Outcomes

By 2040, the long-term objectives for the Red Gum Plains are to:

  • protect and enhance the condition of the high and medium quality threatened vegetation communities (Gippsland Red Gum Grassy Woodland and Associated Native Grassland and Seasonal Herbaceous Wetlands (Freshwater) of the Temperate Lowland Plains.
  • promote sustainable land management practices, particularly relating to soil and groundcover management, that support higher productivity and protection of the environment
  • maintain and improve the condition of significant waterways on the Red Gum Plains
  • promote awareness of, and participation by, communities and land managers in the management and protection of the vegetation communities on the Red Gum Plains; and recognise, develop and utilise Traditional Owner knowledge of the cultural landscape.

This will be achieved by focussing on the following themes:

  1. Biodiversity – protecting remnant native vegetation 
  2. Water – protecting waterway health; including Seasonal Herbaceous Wetlands
  3. Land – increased resilience and production in agricultural land
  4. Community – supporting community and landholder participation.
Theme - Water

Water – protecting waterway health

Current State
(2021)

Waterways such as Forge Creek, Toms Creek and wetlands in this local area are subject to pressures from agricultural activities including stock grazing, nutrient and sediment inflows and past land clearing. 

Medium-term
Outcomes (2027)

Extent, structure, and diversity of vegetation on riparian corridors is improved along Forge and Toms creeks.

Extent, structure, and diversity of vegetation on Gippsland Plains priority wetlands is improved.

Long-term
Outcomes (2040)

The condition of riparian vegetation along Forge Creek, Toms Creek and priority wetlands is improved, providing habitat native animals, and improving resistance and resilience of waterways, reducing risk of instability.

Theme - Biodiversity

Biodiversity – protecting remnant native vegetation

Current State
(2021)

High quality remnants, particularly of Gippsland Red Gum Grassy Woodlands, are at risk due to threats from invasive weeds, rabbits, livestock grazing, and altered fire and hydrological regimes. There are also many patches of other medium quality remnants with low levels of protection and connectivity. 

Medium-term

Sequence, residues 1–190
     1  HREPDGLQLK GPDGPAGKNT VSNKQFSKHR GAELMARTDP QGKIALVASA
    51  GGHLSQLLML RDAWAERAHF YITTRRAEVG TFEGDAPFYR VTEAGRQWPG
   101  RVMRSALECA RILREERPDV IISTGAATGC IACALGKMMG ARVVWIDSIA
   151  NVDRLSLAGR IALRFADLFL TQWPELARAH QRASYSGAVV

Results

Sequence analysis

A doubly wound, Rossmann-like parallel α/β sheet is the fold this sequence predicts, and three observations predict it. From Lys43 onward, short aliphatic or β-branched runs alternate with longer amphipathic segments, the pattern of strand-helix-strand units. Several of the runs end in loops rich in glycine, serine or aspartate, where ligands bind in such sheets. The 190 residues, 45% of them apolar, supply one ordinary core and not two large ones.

Outcomes (2027)

Maintain, and where possible improve, the condition of Gippsland Plains Grassy woodland, increase extent by 30%.

Increase the area of native vegetation under permanent protection.

There will be no reduction in known threatened plant species populations.

Bird numbers and species diversity will remain stable at 2020 levels.

Long-term
Outcomes (2040)

The Gippsland Red Gum Plains will have improved ecological function. All significant areas of remnant native vegetation will have basic protections in place and will be better connected to each other across the landscape via strategic plantings.

Theme - Landscapes

Land – protecting agricultural land and soil health

Current State
(2021)

Emerging focus on sustainable practices, particularly relating to soil and groundcover management. The focus is shifting from recovery following drought to increasing resilience to climate change and other stressors.

Medium-term
Outcomes (2027)

Continue to work with landholders to improve farm management practices

Effective management of groundcover to conserve soils for the benefit of both agriculture and the natural environment.

Landholders will use systems and techniques to deliver long term outcomes for both farming and the environment, making the whole system more resilient to on-going threats (e.g. invasive weeds, pest animals) and to climate change.

Long-term
Outcomes (2040)

Over 750 properties with active sustainable land management practices in place relating to soil and groundcover management.

Theme - Communities

Community – supporting community and landholder participation

Current State
(2021)

Emerging awareness of local native vegetation and participation in protection programs. There is also growing interest in alternative farming practices aimed at improved soil and land management (e.g. Landcare, Regeneration Ag Alliance, Soils for Life, Soil Ambassador). 

Medium-term
Outcomes (2027)

Community actively involved in agricultural and Landcare groups.

Community invited to participate in citizen science programs, such as bird, frog, turtle and water quality monitoring.

Long-term
Outcomes (2040)

High awareness of local native vegetation and active participation in protection programs with increased numbers of groups and landholders actively involved and measured levels of awareness improved.

With respect to the delivery of actions outlined in each of the Local Areas covered by this RCS, there are four phases in the implementation framework:

  1. Target setting – A vision is set for each local area, including outcomes, aiming for the healthiest environment tailored to community and Traditional Owner aspirations and regional characteristics.  Actions are developed in collaboration with partner agencies, targeting threats to the Local Area.